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The Pyk2 FERM domain as a target to inhibit glioma migration.
Mol. Cancer Ther.
PUBLISHED: 06-09-2009
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The invasion of malignant glioma cells into the surrounding normal brain precludes effective clinical treatment. In this report, we investigated the role of the NH(2)-terminal FERM domain in the regulation of the promigratory function of Pyk2. We report that the substitution of residues that constitute a small cleft on the surface of the F3 module of the FERM domain do not significantly alter Pyk2 expression but result in the loss of Pyk2 phosphorylation. A monoclonal antibody, designated 12A10, specifically targeting the Pyk2 FERM domain was generated and recognizes an epitope located on the beta5C-alpha1C surface of the F3 module of the FERM domain. Amino acid substitutions in the F3 module that resulted in the loss of Pyk2 phosphorylation also inhibited the binding of 12A10, suggesting that the 12A10 epitope overlaps a site that plays a role in Pyk2 activity. Conjugation of 12A10 to a membrane transport peptide led to intracellular accumulation and inhibition of glioma cell migration in a concentration-dependent manner. A single chain Fv fragment of 12A10 was stable when expressed in the intracellular environment, interacted directly with Pyk2, reduced Pyk2 phosphorylation, and inhibited glioma cell migration in vitro. Stable intracellular expression of the 12A10 scFv significantly extended survival in a glioma xenograft model. Together, these data substantiate a central role for the FERM domain in regulation of Pyk2 activity and identify the F3 module as a novel target to inhibit Pyk2 activity and inhibit glioma progression.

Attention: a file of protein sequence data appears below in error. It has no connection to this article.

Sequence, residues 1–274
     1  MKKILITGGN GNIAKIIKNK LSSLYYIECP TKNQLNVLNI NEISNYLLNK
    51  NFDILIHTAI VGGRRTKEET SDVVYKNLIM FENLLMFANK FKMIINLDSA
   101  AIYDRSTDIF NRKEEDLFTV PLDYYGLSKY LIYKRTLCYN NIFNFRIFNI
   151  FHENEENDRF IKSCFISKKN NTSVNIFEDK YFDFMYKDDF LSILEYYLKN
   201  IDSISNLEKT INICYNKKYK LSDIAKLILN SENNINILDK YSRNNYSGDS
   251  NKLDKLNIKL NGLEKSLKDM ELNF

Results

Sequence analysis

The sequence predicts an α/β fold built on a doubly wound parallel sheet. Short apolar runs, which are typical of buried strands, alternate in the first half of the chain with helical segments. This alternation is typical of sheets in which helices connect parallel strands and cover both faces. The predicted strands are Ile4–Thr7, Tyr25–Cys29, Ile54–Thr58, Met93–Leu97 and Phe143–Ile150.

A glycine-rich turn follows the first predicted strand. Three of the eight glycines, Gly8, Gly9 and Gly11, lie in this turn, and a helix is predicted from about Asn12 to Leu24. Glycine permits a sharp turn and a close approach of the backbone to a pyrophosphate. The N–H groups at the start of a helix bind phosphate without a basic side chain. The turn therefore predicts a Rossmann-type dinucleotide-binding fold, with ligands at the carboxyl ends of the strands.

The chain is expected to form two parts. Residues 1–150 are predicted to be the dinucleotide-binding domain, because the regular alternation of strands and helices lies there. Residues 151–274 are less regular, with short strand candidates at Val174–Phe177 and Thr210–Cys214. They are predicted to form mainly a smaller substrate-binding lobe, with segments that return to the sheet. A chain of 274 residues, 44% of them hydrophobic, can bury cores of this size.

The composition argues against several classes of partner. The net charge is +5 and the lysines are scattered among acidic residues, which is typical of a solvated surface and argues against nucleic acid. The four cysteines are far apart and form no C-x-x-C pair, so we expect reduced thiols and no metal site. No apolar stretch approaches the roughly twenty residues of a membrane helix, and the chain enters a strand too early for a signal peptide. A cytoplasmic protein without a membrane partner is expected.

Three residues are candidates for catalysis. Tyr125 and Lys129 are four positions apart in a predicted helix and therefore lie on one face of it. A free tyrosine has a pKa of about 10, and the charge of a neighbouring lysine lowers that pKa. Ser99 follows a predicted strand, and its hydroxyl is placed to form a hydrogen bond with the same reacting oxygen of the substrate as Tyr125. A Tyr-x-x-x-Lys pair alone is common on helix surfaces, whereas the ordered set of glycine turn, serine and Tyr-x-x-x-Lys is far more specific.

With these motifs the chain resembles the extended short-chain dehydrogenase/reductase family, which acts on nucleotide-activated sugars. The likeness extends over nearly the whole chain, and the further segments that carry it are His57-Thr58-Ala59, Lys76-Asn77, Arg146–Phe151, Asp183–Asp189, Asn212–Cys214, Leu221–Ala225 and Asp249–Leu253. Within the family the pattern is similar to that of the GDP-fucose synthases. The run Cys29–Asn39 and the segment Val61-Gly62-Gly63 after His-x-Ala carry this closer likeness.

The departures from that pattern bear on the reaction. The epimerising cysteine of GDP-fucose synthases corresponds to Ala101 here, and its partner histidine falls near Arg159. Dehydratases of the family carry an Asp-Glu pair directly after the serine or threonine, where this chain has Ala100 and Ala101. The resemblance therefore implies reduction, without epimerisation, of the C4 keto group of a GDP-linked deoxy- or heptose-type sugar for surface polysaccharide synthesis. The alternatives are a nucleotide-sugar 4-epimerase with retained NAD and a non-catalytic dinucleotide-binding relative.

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miRNA expression profiling in migrating glioblastoma cells: regulation of cell migration and invasion by miR-23b via targeting of Pyk2.
PLoS ONE
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Glioblastoma (GB) is the most common and lethal type of primary brain tumor. Clinical outcome remains poor and is essentially palliative due to the highly invasive nature of the disease. A more thorough understanding of the molecular mechanisms that drive glioma invasion is required to limit dispersion of malignant glioma cells.
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What is Visualize?

JoVE Visualize is a tool created to match the last 5 years of PubMed publications to methods in JoVE's video library.

How does it work?

We use abstracts found on PubMed and match them to JoVE videos to create a list of 10 to 30 related methods videos.

Video X seems to be unrelated to Abstract Y...

In developing our video relationships, we compare around 5 million PubMed articles to our library of over 4,500 methods videos. In some cases the language used in the PubMed abstracts makes matching that content to a JoVE video difficult. In other cases, there happens not to be any content in our video library that is relevant to the topic of a given abstract. In these cases, our algorithms are trying their best to display videos with relevant content, which can sometimes result in matched videos with only a slight relation.